Saturday, January 5, 2013

Wooly Cults

I received a nice note from Dennis Tourish, currently a professor of leadership & organisation studies at Royal Holloway, University of London. Like me, he’s an academic and former Trotskyist--in his case a member of the Communist Workers International (CWI) in Northern Ireland. He has extensively studied Trotskyist cults and has sent me a lot of information. The piece I read was his article about the CWI, here. (The article is not dated, neither the version he sent me nor the one linked. I don’t know when it was written.)

I am pleased to say, based on Dennis’ paper, that none of the grouplets I follow are cults. I’m perfectly happy to take Socialist Action at their word--they claim to be a political organization, and I think that’s exactly what they are. Socialist Viewpoint, as best I can tell, is a group of people who want to publish their own newspaper. And the folks in the Socialist Workers Party, many of whom I know well, are not mentally ill or stupid. I stand by my previous characterization of the SWP as being a social club with a mission--rather like a church.

If these organizations were cults I wouldn’t be writing this blog. I’m interested in political conversation--something one can’t have with a bunch of fruitcakes. Dismissing somebody as a “cult” is to not take them seriously.

Dennis is also co-author with a certain Tim Wohlforth of a book entitled On The Edge, about political cults.

Wohlforth...? That’s a blast from the past--a name that hasn’t crossed my mind in decades. I associated Tim Wohlforth with the Workers’ League, an organization we considered to be “ultraleft,” i.e., unwilling to make even tactical compromises. We called them the “Woolies,” derived from Mr. Wohlforth’s name. I had rather little contact with the Woolies, so I can’t say much about them.

After I left the Movement, I read that the Woolies claimed the SWP was somehow in cahoots with the CIA. I’m sorry--I don’t remember the details and it’s not worth researching. Suffice it to say that this was one of the kookiest conspiracy theories of all time--right up there with the UN flying around in black helicopters. What I gather from Dennis’ account is that the CWI was in some way related to the Woolies. And a group that can come up with such a prize-winning conspiracy theory may, indeed, be a cult.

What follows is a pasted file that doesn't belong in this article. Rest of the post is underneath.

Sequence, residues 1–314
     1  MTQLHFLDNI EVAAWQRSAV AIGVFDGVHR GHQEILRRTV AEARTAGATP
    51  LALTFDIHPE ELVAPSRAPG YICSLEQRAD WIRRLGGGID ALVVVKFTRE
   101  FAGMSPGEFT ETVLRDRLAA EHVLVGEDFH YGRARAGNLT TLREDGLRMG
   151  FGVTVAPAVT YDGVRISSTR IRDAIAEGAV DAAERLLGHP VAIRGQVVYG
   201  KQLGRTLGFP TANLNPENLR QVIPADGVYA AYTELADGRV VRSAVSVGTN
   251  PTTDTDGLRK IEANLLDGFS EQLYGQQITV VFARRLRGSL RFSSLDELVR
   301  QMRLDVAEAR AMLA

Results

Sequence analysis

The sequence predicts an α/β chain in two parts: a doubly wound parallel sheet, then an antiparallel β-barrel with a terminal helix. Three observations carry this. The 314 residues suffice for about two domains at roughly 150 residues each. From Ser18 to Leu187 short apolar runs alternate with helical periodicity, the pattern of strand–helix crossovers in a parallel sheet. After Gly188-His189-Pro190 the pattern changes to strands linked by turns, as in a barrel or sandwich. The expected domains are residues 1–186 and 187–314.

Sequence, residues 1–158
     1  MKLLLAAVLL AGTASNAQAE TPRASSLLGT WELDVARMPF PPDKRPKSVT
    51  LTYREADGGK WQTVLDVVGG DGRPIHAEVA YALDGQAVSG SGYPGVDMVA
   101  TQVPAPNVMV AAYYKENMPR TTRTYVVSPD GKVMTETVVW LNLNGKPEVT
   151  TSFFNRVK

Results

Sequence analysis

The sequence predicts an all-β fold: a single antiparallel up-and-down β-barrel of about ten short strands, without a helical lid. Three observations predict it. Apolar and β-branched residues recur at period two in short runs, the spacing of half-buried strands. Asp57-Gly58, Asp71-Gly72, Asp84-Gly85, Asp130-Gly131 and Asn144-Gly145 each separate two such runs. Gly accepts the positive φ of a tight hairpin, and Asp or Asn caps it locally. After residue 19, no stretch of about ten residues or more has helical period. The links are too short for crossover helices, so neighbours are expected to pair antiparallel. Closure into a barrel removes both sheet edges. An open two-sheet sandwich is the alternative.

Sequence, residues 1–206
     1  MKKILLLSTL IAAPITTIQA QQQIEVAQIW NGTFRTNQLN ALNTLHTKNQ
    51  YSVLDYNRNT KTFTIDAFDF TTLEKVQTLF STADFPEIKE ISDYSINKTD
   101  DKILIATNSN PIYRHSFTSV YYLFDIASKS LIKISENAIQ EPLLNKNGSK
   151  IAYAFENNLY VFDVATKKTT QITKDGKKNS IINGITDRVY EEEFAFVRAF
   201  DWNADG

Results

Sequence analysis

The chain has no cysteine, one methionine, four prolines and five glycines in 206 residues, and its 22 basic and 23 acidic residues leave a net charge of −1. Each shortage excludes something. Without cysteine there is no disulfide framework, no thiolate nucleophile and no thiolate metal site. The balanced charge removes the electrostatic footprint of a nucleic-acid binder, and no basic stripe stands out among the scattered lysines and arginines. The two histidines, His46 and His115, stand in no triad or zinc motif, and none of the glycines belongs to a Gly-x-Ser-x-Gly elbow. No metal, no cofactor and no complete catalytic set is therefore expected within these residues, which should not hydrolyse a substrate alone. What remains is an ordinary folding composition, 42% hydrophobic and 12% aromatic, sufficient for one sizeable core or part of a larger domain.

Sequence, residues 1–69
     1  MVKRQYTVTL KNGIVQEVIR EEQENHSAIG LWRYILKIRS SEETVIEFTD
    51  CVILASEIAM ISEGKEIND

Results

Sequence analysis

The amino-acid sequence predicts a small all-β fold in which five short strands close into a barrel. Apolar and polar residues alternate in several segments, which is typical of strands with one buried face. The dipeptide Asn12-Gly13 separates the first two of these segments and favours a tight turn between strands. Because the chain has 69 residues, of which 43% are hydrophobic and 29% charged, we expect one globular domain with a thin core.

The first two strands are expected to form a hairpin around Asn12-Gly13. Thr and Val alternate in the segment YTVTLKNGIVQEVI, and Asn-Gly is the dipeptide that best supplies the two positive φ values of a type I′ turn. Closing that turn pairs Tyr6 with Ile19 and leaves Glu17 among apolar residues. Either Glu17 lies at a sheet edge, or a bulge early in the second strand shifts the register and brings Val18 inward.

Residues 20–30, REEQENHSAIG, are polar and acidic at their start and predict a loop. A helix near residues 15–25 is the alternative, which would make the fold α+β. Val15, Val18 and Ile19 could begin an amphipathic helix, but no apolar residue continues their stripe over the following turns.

Now I accuse my Trotskyist friends of believing in conspiracy theories all the time. Indeed, I think Marxism is just one, big conspiracy theory. So if holding to a conspiracy theory defines a cult, then of course not only are all Trotskyists cultists, but so is much of the Democratic Party. But there are conspiracy theories, and then there are conspiracy theories. The former are untruths that are very easy for people to believe, e.g., “I’m poor because the rich people have all the money.” People, including the grouplets I follow, simply don’t realize that it’s a conspiracy theory.

The other conspiracy theory involves some Mission Impossible scenario, e.g., George Bush destroying the World Trade Center. Mysteriously, none of the thousands of people who needed to be in on the scheme have squealed yet. These theories border on the schizophrenic, i.e., can be symptomatic of a cult. So who knows--maybe the Woolies were a cult?

While I had little interaction with the Woolies, I more often encountered members of the Spartacist League--we called them Sparts. The Sparts were a sectarian split-off from the Woolies (who, in turn, had split from the SWP--we’re talking Trotsky’s great-grandchildren here, or maybe second cousins twice removed). I recall two facts about the Sparts.

First, I think they were all men. If they had any female members, I never met her.

Second, they were nuts. My most vivid memory is when we had set up a literature table on some campus somewhere. We were soon accosted by a Spart who spent the rest of the day haranguing us. The point may have been simply to disrupt our literature table (he was somewhat successful), but I think he also wanted to convert us. His arguments made no sense--I wouldn’t exactly say that he was schizophrenic, but he surely wasn’t entirely rational.

For all I know, the Sparts were a cult. Lord knows why one would want to run a cult with that kind of membership and that program. Nobody--I mean nobody--ever bought their newspaper or wanted to listen to them. No money or glory to be had in that crowd.

Anyway, this is my last post about cults. Case Dismissed.

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